Multicultural PRO

ASG Featured in Boston Business Journal

Posted by Alec Loftus on Mar 23, 2018 7:42:37 AM

Striving to Build Bridges through
Cross-Cultural Marketing

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By Robin Washington  – Special to the Journal 

It’s not unusual for some entrepreneurs to look back over the first five years of a venture and identify a period of too-rapid growth, where demand outstrips capacity as a company strives to get off the ground.

Josiane Martinez isn’t one of those entrepreneurs.

“I started this company in 2013,” she says of Archipelago Strategies Group, her marketing firm, which was named the U.S. Small Business Administration’s 2017 Minority-Owned Business of the Year for Massachusetts.

“In 2014, we grew 500 percent. In 2015, we grew 300 percent. In 2016, 180 percent and last year we grew 120 percent. I don’t know if it has to do with my personality, but I like it. I love the challenge. I feel a sense of urgency because there’s such a need for cross-cultural marketing.”

Part of that is due to the polarized social climate, with segments of the population becoming increasingly siloed from each other, even if they share the same geography. One of her company’s primary services is helping bridge that divide.

“We see different groups not talking to each other,” she says. “Multicultural (marketing) is no longer optional. It’s fundamental.”

A project that addressed that was a series of town hall meetings for Boston Public Schools families, held in Haitian Creole, Mandarin, Vietnamese and Spanish — “the native languages for the people we were trying to reach,” Martinez says. The effort went beyond just translating schools’ information.

“We had celebrity moderators from the communities, like (El Mundo publisher and Channel 7’s “Urban Update” host) Alberto Vasallo, along with culturally appropriate and accessible venues, and the opportunity for those who could not make it to participate from home.”

So where did Martinez acquire her expertise?

She grew up in Puerto Rico, in “a family with little money, but high hopes for their children,” she says. Yet in school, she says she was “ostracized for being a gay woman.” She persevered, earning a bachelor’s degree at the University of Puerto Rico before coming to Boston for graduate study, attracted by the city’s progressive reputation. She freelanced for El Mundo and El Planeta, the city’s Hispanic newspapers, before joining the re-election campaign for then-Gov. Deval Patrick to coordinate ethnic media. After the election, she joined his press office and was later appointed to head the Massachusetts Office of Refugees and Immigrants.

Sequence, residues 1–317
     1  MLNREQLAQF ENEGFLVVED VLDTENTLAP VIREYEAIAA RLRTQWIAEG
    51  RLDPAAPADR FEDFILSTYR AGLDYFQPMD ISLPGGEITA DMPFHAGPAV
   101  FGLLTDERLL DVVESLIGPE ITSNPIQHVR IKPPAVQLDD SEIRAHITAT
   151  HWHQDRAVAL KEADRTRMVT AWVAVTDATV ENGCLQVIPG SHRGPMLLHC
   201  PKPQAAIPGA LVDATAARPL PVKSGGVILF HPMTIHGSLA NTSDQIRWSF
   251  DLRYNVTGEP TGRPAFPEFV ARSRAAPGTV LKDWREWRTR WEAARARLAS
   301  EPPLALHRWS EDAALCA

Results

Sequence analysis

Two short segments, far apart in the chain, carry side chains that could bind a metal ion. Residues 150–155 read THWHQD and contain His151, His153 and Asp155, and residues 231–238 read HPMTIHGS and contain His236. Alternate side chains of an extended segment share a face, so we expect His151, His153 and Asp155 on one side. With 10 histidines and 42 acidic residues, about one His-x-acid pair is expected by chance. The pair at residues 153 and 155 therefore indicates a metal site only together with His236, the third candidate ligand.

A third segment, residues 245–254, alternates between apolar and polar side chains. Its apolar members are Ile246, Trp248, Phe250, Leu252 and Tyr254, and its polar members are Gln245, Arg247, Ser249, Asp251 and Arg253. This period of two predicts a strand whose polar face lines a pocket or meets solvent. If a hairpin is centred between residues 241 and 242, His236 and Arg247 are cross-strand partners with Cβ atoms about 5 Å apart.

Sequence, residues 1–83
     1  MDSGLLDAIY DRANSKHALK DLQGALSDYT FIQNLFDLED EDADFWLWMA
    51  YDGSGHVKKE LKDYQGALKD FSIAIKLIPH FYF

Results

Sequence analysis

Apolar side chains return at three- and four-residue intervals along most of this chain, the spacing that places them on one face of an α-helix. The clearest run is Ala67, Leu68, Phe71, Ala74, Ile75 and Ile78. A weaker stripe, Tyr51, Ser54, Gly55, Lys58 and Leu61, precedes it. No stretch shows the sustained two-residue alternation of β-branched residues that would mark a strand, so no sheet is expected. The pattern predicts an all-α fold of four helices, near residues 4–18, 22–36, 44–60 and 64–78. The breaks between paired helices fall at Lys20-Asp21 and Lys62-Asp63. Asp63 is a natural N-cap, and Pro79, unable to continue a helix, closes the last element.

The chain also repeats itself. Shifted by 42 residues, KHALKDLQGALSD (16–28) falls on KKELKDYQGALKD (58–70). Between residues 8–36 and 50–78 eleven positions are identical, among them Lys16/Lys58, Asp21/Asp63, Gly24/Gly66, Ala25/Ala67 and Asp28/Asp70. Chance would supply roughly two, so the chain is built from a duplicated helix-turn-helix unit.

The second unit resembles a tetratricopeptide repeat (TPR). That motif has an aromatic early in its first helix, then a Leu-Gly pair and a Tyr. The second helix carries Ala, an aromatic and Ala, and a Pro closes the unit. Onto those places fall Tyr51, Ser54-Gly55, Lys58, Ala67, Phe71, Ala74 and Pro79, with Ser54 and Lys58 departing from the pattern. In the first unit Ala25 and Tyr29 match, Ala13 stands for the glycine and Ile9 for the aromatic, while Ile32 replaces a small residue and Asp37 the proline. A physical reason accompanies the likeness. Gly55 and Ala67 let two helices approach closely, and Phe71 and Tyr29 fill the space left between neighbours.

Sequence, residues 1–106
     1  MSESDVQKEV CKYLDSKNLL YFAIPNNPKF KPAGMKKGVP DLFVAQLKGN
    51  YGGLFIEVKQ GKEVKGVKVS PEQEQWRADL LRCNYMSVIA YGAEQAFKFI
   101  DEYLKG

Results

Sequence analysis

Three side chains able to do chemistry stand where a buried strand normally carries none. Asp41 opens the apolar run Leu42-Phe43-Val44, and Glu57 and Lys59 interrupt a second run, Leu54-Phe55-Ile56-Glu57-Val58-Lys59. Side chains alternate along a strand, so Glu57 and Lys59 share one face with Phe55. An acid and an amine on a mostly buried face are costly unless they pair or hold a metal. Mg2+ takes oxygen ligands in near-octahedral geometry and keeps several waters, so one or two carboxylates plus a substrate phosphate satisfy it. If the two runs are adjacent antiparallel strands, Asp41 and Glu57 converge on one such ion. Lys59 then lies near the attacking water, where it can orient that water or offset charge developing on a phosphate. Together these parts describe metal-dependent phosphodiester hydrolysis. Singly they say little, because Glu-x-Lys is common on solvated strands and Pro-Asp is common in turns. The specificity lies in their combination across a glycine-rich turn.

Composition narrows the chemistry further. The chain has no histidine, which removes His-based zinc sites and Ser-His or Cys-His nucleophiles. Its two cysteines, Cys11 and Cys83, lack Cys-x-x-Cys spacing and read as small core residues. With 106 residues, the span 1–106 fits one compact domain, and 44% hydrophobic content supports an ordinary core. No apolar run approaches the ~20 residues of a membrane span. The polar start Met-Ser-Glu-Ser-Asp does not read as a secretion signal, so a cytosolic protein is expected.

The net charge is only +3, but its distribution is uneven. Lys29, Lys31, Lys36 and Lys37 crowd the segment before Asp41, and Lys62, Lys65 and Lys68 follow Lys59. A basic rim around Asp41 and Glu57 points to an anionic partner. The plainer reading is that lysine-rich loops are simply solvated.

Wait a minute: Puerto Ricans are U.S. citizens.

“Technically, I’m not an immigrant,” she agrees, “but many of us, when we come here, we face many of the same issues,” she said. 

Puerto Ricans can also be a bridge to other Latino communities, she said.

Sometimes, those shared backgrounds can lead to unfounded assumptions, as when she first called Alejandra St. Guillen, then a Latina aide to an office-holder.

“I call and start talking to her in Spanish,” she recalled. “She understood some of it, but not 100 percent. She was like, ‘I don’t know what to do with this woman. She keeps calling this office speaking Spanish.’”

Eventually, they did figure out how to communicate — and got married. The couple now has a 6-month-old son, and St. Guillen is director of the city of Boston’s Office for Immigrant Advancement.

A board member of Eastern Bank, Roxbury Community College and founding member of the Massachusetts Gay and Lesbian Chamber of Commerce, Martinez counts numerous mentors, such as former Gov. Patrick, Alianza Hispana Executive Director Janet Collazo and former Sen. Mo Cowan. Her company is staffed with eight employees and 20 more subcontractors, with revenue of $2 million. 

So after that rapid growth in the first five years, what does Martinez see for the next five?

“It’s going to be working nationally, maybe in different countries. … I’m (also) thinking about expanding to Puerto Rico,” she says. Often thought of as a single island, Puerto Rico is actually an archipelago of about 140 islands; hence the company’s name — though it could refer to Boston’s Harbor Islands. “This is where I got interested in cross-cultural marketing, creating assets and resources, making sure the Latino community has an opportunity in Boston.”

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